re s e a rch did meet the legal criteria to be re c o rded as
such. However, it is estimated that at least one-third of
p a rental child abduction offences should not actually
have been re c o rded by the police, or should have been
re c o rded as ‘no-crime’ at a later stage, according to the
legal definition. In some cases, it may have been diff i c u l t
to tell at the time of re c o rding whether the child had
actually been taken out of the
H o w e v e r, in less than 40% of the offences was it clear that
the victim had been taken outside the
30% of the offences it was clear the victim had n o t left the
c o u n t ry). In six offences, the abductor was prevented fro m
removing their child from the country by police at a port .
In those offences where the victim was known to have been
taken outside the
non-white ethnic gro u p s .
Stranger attempted child abductions
In 2002/03 there were 361 cases involving a stranger
attempting to abduct a child or children, resulting in 377
v i c t i m s / o ffences (47% of all child abductions). (These
Table 1 Age of victims by type of child
a b d u c t i o n
Type of Av e r a g e S t a n d a rd N o . * *
a b d u c t i o n a g e * d e v i a t i o n
P a re n t a l 6 4 . 3 1 6 6
Stranger attempted 1 0 3 . 9 3 6 4
Stranger successful 1 0 4 . 5 6 7
O t h e r 1 2 4 . 4 1 6 0
All cases 9 4 . 7 7 5 7
Note: * The average age has been rounded to the neare s t
whole year. ** In 41 cases the age of the victim was not
p ro v i d e d .
F i g u re 2 Sex of victims by type of child
F i g u re 3 Ethnicity of victims by type of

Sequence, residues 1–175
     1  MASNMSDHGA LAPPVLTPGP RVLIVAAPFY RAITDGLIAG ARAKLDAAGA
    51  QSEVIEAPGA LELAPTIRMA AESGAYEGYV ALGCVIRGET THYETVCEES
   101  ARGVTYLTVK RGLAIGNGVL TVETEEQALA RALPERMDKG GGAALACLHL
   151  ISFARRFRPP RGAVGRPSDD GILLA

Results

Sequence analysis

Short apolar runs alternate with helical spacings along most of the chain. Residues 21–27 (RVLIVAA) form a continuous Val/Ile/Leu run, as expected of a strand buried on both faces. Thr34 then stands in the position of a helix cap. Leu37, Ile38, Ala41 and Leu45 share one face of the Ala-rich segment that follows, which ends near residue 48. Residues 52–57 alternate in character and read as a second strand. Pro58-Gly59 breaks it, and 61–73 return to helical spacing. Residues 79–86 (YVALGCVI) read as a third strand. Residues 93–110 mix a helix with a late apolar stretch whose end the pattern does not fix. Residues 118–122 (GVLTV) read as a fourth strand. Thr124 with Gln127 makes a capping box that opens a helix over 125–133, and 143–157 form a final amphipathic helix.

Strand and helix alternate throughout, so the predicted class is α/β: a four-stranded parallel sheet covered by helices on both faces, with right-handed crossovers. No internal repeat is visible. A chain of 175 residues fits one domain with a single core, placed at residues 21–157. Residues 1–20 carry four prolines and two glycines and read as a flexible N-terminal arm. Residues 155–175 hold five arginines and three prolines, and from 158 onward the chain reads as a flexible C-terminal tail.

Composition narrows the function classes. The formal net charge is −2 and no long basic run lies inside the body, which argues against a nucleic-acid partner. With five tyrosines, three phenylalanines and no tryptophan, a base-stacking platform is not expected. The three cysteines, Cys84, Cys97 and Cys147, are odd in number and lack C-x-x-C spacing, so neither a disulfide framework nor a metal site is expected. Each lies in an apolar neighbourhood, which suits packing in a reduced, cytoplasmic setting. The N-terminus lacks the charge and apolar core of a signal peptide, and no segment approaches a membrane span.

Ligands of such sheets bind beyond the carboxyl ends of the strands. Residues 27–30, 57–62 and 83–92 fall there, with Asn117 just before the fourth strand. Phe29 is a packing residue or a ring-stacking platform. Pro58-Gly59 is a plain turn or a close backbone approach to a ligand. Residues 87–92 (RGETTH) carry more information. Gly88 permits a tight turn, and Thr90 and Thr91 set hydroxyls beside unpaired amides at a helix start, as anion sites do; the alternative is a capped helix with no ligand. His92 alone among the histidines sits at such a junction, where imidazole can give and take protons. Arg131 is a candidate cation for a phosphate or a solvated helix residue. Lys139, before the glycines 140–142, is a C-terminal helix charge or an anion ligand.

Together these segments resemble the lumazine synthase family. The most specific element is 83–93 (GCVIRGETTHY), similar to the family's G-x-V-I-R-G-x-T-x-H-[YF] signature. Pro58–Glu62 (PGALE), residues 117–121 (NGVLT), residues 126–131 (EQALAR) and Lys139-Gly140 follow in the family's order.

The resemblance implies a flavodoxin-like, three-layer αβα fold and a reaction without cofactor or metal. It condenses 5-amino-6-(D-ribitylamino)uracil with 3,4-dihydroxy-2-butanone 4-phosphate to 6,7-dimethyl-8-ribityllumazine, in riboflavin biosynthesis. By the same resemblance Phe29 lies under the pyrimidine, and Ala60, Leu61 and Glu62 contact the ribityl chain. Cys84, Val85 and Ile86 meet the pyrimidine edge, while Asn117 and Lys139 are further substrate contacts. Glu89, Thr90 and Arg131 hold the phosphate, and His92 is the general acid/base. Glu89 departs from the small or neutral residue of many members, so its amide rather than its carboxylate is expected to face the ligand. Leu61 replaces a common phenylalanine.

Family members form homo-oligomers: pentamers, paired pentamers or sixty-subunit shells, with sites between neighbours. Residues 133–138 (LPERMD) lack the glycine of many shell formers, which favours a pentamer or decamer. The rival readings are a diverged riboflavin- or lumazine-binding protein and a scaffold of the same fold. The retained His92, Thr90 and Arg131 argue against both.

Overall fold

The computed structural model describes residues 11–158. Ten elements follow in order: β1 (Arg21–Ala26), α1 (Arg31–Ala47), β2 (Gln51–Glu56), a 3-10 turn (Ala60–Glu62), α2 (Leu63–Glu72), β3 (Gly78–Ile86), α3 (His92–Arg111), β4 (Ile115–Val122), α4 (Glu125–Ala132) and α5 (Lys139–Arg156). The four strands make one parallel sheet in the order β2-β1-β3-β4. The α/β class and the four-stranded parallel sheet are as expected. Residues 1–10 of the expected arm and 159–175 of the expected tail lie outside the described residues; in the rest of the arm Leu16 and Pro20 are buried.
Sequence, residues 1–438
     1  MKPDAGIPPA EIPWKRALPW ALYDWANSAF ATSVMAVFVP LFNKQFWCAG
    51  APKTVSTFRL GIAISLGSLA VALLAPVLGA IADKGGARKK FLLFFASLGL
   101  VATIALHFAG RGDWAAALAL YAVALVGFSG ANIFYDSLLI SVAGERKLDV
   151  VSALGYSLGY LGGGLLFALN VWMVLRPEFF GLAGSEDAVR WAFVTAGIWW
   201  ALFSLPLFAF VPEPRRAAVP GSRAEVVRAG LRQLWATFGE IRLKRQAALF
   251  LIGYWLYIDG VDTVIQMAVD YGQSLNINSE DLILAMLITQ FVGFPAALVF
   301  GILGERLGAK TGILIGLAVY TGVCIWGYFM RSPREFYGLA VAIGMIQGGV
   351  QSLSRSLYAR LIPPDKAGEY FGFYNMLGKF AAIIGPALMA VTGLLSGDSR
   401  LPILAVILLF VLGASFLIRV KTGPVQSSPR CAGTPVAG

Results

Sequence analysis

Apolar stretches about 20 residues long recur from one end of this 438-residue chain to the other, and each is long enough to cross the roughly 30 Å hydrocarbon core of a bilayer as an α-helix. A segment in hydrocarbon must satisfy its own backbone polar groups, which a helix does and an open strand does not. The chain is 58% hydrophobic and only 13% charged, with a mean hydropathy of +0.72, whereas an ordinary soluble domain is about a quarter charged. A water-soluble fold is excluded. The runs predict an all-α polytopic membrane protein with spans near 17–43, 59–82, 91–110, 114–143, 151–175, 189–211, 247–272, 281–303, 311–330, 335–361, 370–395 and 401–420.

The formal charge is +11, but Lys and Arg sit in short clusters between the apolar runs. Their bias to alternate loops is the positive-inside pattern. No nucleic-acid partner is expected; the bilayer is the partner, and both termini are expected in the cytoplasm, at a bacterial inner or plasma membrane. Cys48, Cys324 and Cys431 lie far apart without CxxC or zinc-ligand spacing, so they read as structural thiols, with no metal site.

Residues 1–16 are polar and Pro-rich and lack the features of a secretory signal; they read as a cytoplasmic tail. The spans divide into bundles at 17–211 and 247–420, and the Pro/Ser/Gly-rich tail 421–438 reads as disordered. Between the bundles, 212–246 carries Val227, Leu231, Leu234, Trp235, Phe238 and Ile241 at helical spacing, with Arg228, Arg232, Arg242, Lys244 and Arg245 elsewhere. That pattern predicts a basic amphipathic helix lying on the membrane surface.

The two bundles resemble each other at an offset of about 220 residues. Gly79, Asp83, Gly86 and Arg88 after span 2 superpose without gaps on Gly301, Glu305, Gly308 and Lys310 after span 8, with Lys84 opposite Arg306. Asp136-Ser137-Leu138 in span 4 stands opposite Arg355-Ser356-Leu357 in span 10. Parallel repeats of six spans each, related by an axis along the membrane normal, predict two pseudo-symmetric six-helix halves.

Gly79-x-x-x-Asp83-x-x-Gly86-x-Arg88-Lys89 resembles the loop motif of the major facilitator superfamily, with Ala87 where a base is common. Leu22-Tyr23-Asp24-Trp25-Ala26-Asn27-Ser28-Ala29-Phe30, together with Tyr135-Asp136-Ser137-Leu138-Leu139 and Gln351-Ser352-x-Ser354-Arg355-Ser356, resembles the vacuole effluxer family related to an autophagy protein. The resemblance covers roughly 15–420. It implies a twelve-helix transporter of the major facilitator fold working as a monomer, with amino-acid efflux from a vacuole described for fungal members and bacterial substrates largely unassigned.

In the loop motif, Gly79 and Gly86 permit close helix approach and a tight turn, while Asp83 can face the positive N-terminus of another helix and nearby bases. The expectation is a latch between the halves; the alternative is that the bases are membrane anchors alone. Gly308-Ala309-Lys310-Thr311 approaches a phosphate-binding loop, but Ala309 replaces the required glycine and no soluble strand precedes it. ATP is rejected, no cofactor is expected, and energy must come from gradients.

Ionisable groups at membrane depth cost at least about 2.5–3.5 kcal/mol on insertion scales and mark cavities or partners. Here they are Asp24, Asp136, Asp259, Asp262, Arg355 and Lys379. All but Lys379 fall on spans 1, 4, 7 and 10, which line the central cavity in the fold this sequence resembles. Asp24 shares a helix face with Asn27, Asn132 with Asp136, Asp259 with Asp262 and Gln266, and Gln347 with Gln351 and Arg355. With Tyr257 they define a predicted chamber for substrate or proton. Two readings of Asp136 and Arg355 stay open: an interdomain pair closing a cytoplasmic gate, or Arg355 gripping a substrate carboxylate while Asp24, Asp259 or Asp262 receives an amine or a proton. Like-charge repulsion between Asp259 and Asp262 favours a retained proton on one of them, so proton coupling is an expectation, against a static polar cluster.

Note: In 46 cases the sex of the victim was not pro v i d e d ,
therefore the total number of cases in Figure 2 is 752.
Note: In 164 cases the ethnicity of the victim was not pro v i d e d ,
t h e re f o re the total number of cases in Figure 3 is 634.
f i g u res include one case of a conspiracy to commit child
abduction where the offenders’ plans to abduct a child
w e re stopped before even an attempt could be made).
• The average age of the victims was ten years, four
years higher than the six year average of victims of
p a rental abduction (Table 1).
• 61% of the victims were female (Figure 2).
• Over 90% of the victims were white (Figure 3).
It was very difficult to establish a motive for these offences
because in many cases the victim had no or only minimal
contact with the offender (in 96% of the stranger
attempted child abductions the motive had to be coded as
‘not known’). For only 15 offences (4%) was there
sufficient information to be certain of the motive – all were
sexually motivated. However, it seems reasonable to
assume that many of the stranger attempted child
abductions where the motive was not known would have
actually been sexually motivated offences. The most
common scenario in these cases was a male off e n d e r
attempting to entice a child into a car or physically
attempting to drag a victim from a public place.
14 offences of stranger attempted child abduction
involved a victim under the age of two years. In each case
the offender attempted to remove the child from the direct
c o n t rol of its parent. In three cases, the off e n d e r
impersonated a member of the social services or health
profession. In the remaining 11 cases the offender tried to
physically remove the victim.
Stranger successful child abductions